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Paul C

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Paul C last won the day on October 16 2016

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  1. Agreed, with the right type of plastic it should be entirely possible. And with suitable bracing, the tendency to balloon will be mitigated if its too thin to retain its own shape. Loads of components in engines are now made of plastic - you've probably heard of plastic inlet manifold etc. I believe some cars now also have plastic sump. It will be a ramp function of temperature and time. Not massively dissimilar to pasteurisation.
  2. The main problem is that even if you have member(s) on ignore, they can continue their involvement in a thread (and obviously influence the path it takes, responses to their messages etc).
  3. Just for clarity my post was a quote from stegra's link. I think www.gasapplianceguide.co.uk simply assumed the water would be heated to >60degC, hence the tank shapes they prefer to offer. He voluntarily left the forum and gave up narrowboating.
  4. I think the main reason hot water systems are designed to raise the temperature ~60degC or above, then its later mixed with cold water, is to counteract microbial growth which can occur (and is the pathway for legionaires disease). However I'm not an expert on it and don't know all the details. Once you are talking about hot water, possibly under some pressure, then it determines the material/shape of any hot water storage vessel(s).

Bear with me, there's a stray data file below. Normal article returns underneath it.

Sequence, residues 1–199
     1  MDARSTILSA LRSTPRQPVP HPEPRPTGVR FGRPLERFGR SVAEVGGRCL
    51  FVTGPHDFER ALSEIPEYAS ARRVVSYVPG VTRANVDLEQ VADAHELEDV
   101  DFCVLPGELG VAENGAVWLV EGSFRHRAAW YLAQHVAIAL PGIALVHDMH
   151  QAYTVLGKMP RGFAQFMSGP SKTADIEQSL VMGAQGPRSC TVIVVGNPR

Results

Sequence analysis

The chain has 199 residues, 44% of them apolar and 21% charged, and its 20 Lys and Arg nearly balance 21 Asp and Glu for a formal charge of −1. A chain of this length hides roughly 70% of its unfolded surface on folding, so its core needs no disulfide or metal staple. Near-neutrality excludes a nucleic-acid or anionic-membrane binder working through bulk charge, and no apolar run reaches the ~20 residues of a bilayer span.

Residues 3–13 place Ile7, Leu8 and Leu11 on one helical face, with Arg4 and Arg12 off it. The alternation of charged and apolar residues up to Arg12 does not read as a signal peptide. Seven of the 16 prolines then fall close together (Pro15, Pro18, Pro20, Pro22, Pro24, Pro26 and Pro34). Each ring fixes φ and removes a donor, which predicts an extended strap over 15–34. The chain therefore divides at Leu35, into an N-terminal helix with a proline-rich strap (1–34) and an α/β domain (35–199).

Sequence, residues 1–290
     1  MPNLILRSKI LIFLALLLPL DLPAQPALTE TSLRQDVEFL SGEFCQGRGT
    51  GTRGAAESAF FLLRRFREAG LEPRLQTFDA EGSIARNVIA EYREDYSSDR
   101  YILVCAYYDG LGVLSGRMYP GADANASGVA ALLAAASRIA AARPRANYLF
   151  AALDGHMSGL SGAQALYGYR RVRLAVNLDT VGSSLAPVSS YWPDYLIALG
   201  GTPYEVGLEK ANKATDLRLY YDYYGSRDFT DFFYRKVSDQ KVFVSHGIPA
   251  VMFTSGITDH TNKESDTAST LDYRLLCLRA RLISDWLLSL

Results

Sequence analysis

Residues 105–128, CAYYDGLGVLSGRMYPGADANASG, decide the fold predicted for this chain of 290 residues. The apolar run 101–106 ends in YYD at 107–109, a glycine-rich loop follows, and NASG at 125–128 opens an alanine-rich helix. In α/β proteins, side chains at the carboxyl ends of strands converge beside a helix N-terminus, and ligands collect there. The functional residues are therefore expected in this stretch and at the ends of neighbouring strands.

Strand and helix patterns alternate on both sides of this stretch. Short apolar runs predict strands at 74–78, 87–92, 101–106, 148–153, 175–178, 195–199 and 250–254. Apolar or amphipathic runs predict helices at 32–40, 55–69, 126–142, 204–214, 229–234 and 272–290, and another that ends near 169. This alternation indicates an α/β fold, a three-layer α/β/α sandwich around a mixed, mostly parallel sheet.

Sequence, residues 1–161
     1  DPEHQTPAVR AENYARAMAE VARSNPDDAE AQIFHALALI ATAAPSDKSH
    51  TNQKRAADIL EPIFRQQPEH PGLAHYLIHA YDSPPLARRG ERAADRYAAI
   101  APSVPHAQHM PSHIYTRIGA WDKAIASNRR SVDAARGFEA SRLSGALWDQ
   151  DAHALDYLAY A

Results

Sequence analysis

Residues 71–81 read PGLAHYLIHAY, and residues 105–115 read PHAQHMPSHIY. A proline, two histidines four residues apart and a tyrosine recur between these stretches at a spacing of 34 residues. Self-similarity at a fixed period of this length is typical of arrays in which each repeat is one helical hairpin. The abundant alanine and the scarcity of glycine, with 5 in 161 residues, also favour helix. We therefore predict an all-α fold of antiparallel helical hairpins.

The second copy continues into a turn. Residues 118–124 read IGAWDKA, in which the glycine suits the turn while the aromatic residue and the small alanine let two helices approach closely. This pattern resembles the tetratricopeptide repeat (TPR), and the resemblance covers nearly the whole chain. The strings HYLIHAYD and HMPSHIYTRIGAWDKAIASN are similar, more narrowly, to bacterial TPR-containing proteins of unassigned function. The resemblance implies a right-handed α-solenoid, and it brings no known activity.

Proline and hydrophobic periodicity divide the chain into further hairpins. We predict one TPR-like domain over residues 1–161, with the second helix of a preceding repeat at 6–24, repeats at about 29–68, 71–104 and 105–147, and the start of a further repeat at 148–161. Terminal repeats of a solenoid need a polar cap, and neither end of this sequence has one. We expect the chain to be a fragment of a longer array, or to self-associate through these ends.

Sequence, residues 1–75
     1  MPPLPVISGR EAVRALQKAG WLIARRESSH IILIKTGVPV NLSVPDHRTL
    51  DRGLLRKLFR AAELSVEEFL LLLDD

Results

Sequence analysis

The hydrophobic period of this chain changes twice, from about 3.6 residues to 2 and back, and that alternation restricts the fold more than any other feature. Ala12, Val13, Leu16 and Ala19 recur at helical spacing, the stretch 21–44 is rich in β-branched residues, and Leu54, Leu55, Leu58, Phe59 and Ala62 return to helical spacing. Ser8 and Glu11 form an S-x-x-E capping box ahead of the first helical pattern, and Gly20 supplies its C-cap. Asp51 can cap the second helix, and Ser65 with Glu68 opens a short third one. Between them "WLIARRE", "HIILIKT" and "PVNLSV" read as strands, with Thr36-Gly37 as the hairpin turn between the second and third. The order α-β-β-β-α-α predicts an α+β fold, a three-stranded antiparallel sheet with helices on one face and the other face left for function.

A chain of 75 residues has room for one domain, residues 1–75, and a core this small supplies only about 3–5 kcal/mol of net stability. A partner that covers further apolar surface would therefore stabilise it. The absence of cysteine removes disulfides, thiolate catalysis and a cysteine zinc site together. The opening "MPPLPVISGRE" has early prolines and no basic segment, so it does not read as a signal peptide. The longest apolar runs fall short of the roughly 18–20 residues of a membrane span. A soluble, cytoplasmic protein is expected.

5. They can't avoid moving altogether, because doing so would be in breach of their agreed-to licence conditions. They could minimise it though.
  6. I think you're making progress! Its probably worth asking "why is everyone installing a £500 calorifier instead of an £84 plastic rectangular tank?" If you can counteract those answers accurately, then it sounds like a good plan.
  7. Well yes it comes down to cost, but a side effect of your novel rectangular unpressurised tank is that it will bulge and if installed eg snugly underneath a bed, break the furniture around it. I know we're talking about low pressures but still, with thinnish plastic, it will distort. Ask any balloon artist who makes more intricate pieces than simple sausage dogs, etc. If you went for a much thicker tank, and/or some kind of metal framework to suppress this, then fine - but then its going to get more costly. The key aspect is the pressure - I know you've said its vented, therefore completely unpressurised, but I think if its well ventilated then there will be a horrendous inefficiency due to losses as it gets warmer. So, you want a little pressure, just a few psi would be okay. That could be achieved without a PRV, simply by having the vented outlet up a narrow tube, around roof height on the boat. Its certainly possible to do it. I'd focus more on the heating source - do you already have a gas or diesel water (and/or space) heater? They're quite expensive, around £2k but it tends to be a once-off install and a piece of equipment which is very useful (in siuations where you don't, or don't want to, run the engine as in a traditional single coil calorifier). I'd spend a little more and go for bigger rather than smaller, if you've not bought one of these yet. ETA - just reviewed the OP, I see you have a Webasto, that should be fine but obviously it will take some amount of time to heat up a bath-full of water.